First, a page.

The Indian Supreme Court has just authorised the drafting of a “living will”, which legalises passive euthanasia. In fact, in these wills, patients can outline end-of-life choices with specific reference to the withdrawal of any treatment they deem inappropriate, “in order to let themselves die”.
These conditions apply to the terminally ill “with no hope of cure, who find themselves in an irreversible coma” or “persistent” vegetative state. The Court held that these wills were essential to put an end to “social pressures” and dispel “the fear of criminal proceedings for doctors and families who could face homicide charges”. These pressures often lead “to medical intervention with an “undignified” death for patients”.
In practice, it will be difficult for courts to prove that patients have not been coerced into drafting the “living wills”.
As far back as 2011, the country’s Supreme Court authorised euthanasia for certain patients with no hope of a cure (see India: euthanasia authorised in certain cases), under the supervision of the High Court.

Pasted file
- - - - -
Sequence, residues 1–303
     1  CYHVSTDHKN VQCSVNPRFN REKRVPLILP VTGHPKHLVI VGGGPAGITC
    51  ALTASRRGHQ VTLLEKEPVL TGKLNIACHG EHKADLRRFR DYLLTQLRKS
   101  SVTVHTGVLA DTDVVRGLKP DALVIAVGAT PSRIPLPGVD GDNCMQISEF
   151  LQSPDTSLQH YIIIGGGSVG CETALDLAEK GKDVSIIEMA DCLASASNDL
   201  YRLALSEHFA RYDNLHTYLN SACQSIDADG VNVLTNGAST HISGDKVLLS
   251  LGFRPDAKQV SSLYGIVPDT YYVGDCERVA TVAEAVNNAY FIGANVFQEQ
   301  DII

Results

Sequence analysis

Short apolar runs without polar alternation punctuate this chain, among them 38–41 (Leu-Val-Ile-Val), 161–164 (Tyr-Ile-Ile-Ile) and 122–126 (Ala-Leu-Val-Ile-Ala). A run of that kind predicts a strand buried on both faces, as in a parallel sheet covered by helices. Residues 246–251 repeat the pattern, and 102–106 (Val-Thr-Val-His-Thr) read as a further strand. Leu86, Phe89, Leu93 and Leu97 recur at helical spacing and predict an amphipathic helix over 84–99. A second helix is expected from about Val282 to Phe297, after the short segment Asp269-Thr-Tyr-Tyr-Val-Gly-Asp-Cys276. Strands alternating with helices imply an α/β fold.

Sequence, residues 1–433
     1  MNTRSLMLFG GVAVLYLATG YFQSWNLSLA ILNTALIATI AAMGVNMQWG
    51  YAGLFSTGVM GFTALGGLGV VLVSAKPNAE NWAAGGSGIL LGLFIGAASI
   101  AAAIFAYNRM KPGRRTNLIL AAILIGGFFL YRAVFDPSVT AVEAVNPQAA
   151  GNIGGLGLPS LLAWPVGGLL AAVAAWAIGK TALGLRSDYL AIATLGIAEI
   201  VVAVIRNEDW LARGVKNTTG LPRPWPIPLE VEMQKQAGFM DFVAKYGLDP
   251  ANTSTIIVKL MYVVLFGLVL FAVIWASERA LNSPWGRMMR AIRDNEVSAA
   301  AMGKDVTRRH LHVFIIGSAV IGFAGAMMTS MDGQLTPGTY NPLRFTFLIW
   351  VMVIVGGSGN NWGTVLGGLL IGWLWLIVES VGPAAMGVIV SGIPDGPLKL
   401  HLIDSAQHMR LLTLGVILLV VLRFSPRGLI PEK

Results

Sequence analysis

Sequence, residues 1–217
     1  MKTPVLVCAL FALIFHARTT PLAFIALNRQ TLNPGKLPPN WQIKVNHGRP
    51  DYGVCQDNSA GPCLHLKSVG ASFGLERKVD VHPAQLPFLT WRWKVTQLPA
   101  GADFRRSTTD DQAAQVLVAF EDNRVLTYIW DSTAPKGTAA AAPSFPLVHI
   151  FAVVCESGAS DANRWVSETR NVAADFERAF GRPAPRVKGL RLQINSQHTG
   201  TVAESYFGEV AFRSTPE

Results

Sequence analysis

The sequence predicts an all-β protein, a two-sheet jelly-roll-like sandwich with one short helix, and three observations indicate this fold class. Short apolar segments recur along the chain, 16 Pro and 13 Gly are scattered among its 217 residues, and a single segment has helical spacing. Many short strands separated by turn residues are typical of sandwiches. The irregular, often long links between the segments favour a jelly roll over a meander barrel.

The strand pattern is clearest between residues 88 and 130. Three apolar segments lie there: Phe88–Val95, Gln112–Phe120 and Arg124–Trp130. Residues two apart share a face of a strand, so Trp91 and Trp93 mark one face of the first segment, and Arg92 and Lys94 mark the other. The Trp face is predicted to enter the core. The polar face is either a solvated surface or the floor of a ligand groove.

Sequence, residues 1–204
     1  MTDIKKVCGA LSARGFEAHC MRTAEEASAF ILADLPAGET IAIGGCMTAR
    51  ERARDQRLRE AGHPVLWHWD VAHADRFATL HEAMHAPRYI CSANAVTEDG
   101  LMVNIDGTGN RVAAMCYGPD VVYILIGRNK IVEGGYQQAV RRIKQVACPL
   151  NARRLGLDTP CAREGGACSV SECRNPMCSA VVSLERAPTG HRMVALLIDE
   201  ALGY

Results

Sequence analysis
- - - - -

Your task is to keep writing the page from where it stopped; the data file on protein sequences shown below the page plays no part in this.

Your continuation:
The Indian Government “is opposed to euthanasia under advance directives. It is afraid that, when signing consent forms, patients are not necessarily aware of current medical advances that might cure them one day”. However, the Court has already “devised recommendations” with a view to applying this “right”. Any refusal from a Medical Board to comply with a ‘living will’ “could lead to a Court case”.
Active requests for euthanasia and intentional assisted suicide are rejected “by the courts and the authorities”.
 Euthanasia is classed as passive when a patient dies because health professionals have not carried out an essential procedure to keep the patient alive or when they stop doing something that sustains life.
BBC (09/03/2018) – Institiut Européen de Bioéthique (13/03/2018)